Writer's note: This is the second installment of a 10-part series breaking down Marshall's 2019 football team by position before the Thundering Herd reports to preseason camp on Aug. 1. This story will focus on Marshall's running back position.

HUNTINGTON - When Marshall won its lone Conference USA football championship in the 2014 season, many looked to the aerial attack, led by record-setting quarterback Rakeem Cato, as the main factor.

What isn't seen is that the passing attack actually netted fewer yards in 2014's championship run than what it did in the 2013 season when the team advanced to the C-USA title game where it fell to Rice.

Instead, the biggest offensive factor in the 2014 championship run was actually the rushing attack, which was bolstered by the addition of the late Devon Johnson, who added a power element to the returning talent of Steward Butler and Remi Watson in that season.

With Marshall now favored to win Conference USA's East Division for the first time since 2014, it is again the rushing attack that is in the spotlight (and the strength of the offensive line leading it ... but we'll save that for another day).

Also, the look that Marshall can bring to the table is not much different than the one that made them successful in 2014.

It starts with Brenden Knox, who emerged as a major force late in the season when both Tyler King and Keion Davis were sidelined due to injuries. Knox ended the year with 578 yards on the ground in only five games.

Knox's breakout game came against Virginia Tech, when he rushed for 204 yards and two touchdowns against the Hokies. He also was on pace for a big game in the bowl contest against South Florida before a broken hand forced him out of action early in the second quarter with 93 yards on 12 carries.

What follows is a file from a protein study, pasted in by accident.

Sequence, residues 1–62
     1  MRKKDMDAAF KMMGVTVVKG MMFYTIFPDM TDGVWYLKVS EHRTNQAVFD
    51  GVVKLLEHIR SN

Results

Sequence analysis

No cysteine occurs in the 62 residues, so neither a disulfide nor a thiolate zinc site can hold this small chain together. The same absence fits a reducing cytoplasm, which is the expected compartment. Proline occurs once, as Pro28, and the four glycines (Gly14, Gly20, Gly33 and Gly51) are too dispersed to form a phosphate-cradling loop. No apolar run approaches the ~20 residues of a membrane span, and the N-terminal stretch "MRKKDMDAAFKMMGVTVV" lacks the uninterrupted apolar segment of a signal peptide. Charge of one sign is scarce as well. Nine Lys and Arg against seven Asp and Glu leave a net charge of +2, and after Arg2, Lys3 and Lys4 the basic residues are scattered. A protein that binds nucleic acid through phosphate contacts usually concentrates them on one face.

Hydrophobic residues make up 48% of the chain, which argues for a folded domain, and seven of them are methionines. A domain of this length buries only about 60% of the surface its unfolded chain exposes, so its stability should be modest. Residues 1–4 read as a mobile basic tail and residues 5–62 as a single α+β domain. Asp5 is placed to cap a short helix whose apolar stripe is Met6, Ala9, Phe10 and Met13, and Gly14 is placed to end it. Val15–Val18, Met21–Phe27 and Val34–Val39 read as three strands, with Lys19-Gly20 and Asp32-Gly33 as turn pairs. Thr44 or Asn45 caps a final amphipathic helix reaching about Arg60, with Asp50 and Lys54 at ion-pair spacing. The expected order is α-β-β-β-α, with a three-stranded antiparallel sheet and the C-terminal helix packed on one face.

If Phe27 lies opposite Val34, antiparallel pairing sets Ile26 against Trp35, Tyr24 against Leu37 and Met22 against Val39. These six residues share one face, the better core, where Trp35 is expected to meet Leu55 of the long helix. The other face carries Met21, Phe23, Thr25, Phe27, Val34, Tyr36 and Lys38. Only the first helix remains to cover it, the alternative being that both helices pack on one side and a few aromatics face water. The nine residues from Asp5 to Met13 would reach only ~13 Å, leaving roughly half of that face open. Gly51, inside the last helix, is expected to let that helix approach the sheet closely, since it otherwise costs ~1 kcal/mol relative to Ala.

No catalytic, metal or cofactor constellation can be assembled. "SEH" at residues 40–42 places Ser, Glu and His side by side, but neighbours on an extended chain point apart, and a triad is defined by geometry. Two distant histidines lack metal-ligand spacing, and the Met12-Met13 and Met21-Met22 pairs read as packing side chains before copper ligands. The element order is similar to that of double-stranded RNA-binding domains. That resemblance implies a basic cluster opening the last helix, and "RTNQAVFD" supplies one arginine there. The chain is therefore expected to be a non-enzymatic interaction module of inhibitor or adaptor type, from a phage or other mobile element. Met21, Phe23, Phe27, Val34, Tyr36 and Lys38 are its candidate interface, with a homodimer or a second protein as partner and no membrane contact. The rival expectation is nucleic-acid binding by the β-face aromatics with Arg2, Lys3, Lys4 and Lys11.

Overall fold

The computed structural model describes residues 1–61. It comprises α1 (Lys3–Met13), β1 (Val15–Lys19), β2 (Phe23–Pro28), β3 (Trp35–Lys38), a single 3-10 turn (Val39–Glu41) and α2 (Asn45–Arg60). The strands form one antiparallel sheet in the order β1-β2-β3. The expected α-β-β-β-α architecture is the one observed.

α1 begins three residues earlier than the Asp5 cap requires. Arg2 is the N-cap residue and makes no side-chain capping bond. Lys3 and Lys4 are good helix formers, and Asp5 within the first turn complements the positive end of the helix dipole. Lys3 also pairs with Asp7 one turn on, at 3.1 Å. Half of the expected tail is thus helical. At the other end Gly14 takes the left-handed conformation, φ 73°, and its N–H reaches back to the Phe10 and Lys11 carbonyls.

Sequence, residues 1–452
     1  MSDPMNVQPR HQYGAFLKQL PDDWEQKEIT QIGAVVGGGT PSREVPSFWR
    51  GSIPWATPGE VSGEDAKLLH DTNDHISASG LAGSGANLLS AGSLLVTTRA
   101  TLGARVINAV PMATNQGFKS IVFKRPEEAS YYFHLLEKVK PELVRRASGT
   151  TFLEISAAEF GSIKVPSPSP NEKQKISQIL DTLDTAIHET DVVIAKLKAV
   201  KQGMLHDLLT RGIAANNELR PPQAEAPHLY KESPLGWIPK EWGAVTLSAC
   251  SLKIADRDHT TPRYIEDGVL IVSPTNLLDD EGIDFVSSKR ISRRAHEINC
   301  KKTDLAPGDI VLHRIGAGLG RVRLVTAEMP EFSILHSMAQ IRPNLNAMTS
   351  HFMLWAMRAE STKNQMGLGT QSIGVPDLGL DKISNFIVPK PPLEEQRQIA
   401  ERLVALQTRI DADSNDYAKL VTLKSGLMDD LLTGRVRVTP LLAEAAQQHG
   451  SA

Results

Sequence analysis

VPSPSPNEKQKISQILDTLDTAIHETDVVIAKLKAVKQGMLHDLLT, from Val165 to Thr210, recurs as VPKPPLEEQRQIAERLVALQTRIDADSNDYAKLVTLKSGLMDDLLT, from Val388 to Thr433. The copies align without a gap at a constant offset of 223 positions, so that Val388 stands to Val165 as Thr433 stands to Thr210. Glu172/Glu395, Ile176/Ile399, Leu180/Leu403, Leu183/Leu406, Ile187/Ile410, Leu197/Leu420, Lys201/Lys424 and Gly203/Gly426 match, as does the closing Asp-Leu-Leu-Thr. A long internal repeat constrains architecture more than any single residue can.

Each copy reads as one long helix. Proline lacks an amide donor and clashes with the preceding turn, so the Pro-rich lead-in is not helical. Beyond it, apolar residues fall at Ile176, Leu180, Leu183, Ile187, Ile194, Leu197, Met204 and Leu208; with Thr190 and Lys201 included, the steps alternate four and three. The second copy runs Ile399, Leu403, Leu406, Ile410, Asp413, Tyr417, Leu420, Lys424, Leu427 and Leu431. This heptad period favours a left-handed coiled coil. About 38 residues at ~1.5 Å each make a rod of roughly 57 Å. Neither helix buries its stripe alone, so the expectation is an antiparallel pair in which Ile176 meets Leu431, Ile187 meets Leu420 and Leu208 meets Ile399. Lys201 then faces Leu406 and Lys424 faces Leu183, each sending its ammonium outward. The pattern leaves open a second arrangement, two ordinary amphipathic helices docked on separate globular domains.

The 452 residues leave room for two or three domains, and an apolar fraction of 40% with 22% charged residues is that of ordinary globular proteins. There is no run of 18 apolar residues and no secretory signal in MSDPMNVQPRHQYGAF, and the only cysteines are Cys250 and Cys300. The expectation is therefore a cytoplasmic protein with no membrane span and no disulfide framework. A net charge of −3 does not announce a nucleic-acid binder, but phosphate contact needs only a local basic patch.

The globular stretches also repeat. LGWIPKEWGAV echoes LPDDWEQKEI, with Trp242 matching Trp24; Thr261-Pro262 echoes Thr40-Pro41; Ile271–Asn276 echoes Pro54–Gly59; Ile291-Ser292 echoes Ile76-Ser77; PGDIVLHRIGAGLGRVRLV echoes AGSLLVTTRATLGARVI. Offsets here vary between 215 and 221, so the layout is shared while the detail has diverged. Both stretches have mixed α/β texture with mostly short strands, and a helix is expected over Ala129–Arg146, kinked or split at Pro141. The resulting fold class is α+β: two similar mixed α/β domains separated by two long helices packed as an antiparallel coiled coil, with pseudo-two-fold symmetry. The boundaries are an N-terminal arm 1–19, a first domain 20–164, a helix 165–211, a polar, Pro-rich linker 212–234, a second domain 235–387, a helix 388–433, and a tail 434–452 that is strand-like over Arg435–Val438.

The power with which Knox runs is reminiscent of Johnson's primary weapon during his two years in the backfield. The result was a punishing offensive effort, opening the way for big speed plays later in contests.

Marshall again has that setup in its arsenal for 2019.

Knox's thunder is matched by King's lightning and flash as he brings explosiveness to the offense with game-breaker speed best evidenced in 2017 when he ripped off a 90-yard touchdown run in the Gildan New Mexico Bowl.

Despite playing in only seven games last season, King finished with 655 yards and was Marshall's leading rusher. Albeit in different ways, he and Knox each averaged 6.1 yards per carry last season while finishing with four touchdowns apiece.

Ironically, they never saw the field as running backs in the same game, which brings an interesting dynamic to the 2019 season.

King went on a strong surge in the middle of the season, rushing for 165 yards against Middle Tennessee, 195 at Old Dominion and 125 against Florida Atlantic before leaving the latter due to an injury that proved to be the end of his season.

Knox did not see action in the backfield until two games later when he debuted against Charlotte and rushed for 116 yards - nearly all in the second half - of a win over the 49ers, which started his strong stretch to end the season.

With both returning healthy for the fall, the possibilities are plentiful for a strong one-two punch in the backfield with Knox and King.

Depth at the running back position should not be an issue for the Herd, either, with Sheldon Evans also back in the mix after a spring session that saw increased repetitions and a 100-yard performance in the Green-White game.

Joseph Early also returns for the Herd, and others who will make their first appearance for the Herd in preseason camp include 2019 signees Knowledge McDaniel and Cedrick Wilcox and 2018 signees Jalynn Sykes and Lawrence Papillon.

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